The Taber Business College- Women in the 20s

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The Taber Business College Carleton Place 1928-1929 Phot0-Carleton Place and Beckwith Heritage Museum

 

Women began to grow more independent in the 1920s.  This would change the role of womens lives on the 1920s.  The celibate settlement house worker was replaced as a female prototype by the jazz-crazed flapper dancing the Charleston in a speakeasy. Everything that had anything to do with consumption was in style. That included drinking, smoking, and sex – for women as well as men.” 

 In 1920 women composed 23.6% of the labour force.  During WWI  When men were at war the women took the place of men at their jobs. These jobs included:  Worked as conductors of trains or buses  Worked on farms  In engineering  In highly dangerous munitions Industries  There was a high demand of women to do heavy lifting such as unloading coal, stocking furnaces and building ships.  After WWI, more jobs came open for women. These jobs included:  Teacher, secretaries, typists, nurses, seamstresses  Even when men came back from war, women continued to stay in the workforce.

The 20’s were very colourful especially when new patterns were introduced. Designers included colour into every article of clothing from the stocking to shoes. Stockings actually became visible, they served a purpose to fashion, not just the opinion of society. Fashion became a career choice for women also. Classes were also available for women and girls to take on how to learn to make clothes. It was a way for women to make some cash while their husbands were away at war.

Although the 20’s were viewed as the “golden years” many people did not have money and dressmaking was a way that women could have the latest fashion without spending an immense amount of money. Although fashion helped women play a part in society and increased the vibrancy of the era, it was highly rejected by the public, mainly male population and older generation, it was sought out to be racy and a disgrace to American society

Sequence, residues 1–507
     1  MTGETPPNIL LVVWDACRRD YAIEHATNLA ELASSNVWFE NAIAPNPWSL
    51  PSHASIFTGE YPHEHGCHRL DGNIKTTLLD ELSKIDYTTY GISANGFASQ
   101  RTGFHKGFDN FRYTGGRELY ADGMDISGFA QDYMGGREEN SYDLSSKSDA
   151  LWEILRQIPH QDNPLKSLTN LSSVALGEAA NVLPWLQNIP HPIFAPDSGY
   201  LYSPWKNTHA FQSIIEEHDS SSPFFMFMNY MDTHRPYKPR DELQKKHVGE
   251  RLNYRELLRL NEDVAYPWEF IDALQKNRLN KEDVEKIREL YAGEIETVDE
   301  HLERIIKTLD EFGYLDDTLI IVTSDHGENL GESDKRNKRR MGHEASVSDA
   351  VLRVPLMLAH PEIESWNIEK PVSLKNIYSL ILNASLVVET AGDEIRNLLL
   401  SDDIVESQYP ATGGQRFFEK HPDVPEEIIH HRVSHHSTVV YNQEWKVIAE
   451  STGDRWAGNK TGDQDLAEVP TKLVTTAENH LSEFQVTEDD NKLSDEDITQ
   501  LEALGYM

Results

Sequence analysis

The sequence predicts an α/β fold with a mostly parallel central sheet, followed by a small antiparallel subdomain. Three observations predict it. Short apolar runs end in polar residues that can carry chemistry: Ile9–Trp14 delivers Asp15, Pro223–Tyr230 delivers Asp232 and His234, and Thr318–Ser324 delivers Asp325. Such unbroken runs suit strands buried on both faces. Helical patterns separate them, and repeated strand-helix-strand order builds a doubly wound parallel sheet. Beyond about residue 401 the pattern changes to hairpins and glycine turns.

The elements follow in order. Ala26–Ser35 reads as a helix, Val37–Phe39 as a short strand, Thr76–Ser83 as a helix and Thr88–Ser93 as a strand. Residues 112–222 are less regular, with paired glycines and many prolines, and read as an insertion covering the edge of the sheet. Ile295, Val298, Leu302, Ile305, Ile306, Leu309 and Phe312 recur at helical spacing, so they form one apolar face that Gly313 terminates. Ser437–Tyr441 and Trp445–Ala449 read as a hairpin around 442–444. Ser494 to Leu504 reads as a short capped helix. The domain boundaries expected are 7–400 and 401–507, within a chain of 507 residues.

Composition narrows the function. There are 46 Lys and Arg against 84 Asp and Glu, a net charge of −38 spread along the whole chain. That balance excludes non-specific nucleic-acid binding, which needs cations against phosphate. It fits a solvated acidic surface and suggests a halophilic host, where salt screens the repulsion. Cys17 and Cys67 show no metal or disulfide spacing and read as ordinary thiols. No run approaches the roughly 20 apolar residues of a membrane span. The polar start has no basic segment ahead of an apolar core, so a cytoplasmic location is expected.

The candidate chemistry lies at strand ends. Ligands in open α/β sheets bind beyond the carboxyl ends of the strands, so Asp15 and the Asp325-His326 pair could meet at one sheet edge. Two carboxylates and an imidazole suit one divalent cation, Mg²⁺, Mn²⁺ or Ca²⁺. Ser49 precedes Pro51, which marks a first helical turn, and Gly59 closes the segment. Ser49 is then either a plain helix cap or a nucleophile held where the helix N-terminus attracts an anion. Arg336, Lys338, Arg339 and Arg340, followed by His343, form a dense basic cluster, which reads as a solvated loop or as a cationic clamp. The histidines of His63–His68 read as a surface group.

About lindaseccaspina

Linda Knight Seccaspina was born in Cowansville, Quebec about the same time as the wheel was invented and the first time she realized she could tell a tale was when she got caught passing her smutty stories around in Grade 7 at CHS by Mrs. Blinn. When Derek "Wheels" Wheeler from Degrassi Jr. High died in 2010, Linda wrote her own obituary. Some people said she should think about a career in writing obituaries. Before she laid her fingers to a keyboard, Linda owned the eclectic store Flash Cadilac and Savannah Devilles in Ottawa from 1976-1996. After writing for years about things that she cared about or pissed her off she finally found her calling. Is it sex drugs and rock n' roll you might ask? No, it is history. Seeing that her very first boyfriend in Grade 5 (who she won a Twist contest with in the 60s) is the head of the Brome Misissiquoi Historical Society and also specializes in local history back in Quebec, she finds that quite funny. She writes every single day and is also a columnist for Hometown News and Screamin's Mamas. She is a volunteer for the Carleton Place and Beckwith Heritage Museum, an admin for the Lanark County Genealogical Society Facebook page, and a local guest speaker. She has been now labelled an historian by the locals which in her mind is wrong. You see she will never be like the iconic local Lanark County historian Howard Morton Brown, nor like famed local writer Mary Cook. She proudly calls herself The National Enquirer Historical writer of Lanark County, and that she can live with. Linda has been called the most stubborn woman in Lanark County, and has requested her ashes to be distributed in any Casino parking lot as close to any Wheel of Fortune machine as you can get. But since she wrote her obituary, most people assume she's already dead. Linda has published six books, "Menopausal Woman From the Corn," "Cowansville High Misremembered," "Naked Yoga, Twinkies and Celebrities," "Cancer Calls Collect," "The Tilted Kilt-Vintage Whispers of Carleton Place," and "Flashbacks of Little Miss Flash Cadilac." All are available at Amazon in paperback and Kindle. Linda's books are for sale on Amazon or at Wisteria · 62 Bridge Street · Carleton Place, Ottawa, Canada, and at the Carleton Place and Beckwith Heritage Museum · 267 Edmund Street · Carleton Place, Ottawa, Canada--Appleton Museum-Mississippi Textile Mill and Mill Street Books and Heritage House Museum and The Artists Loft in Smith Falls.

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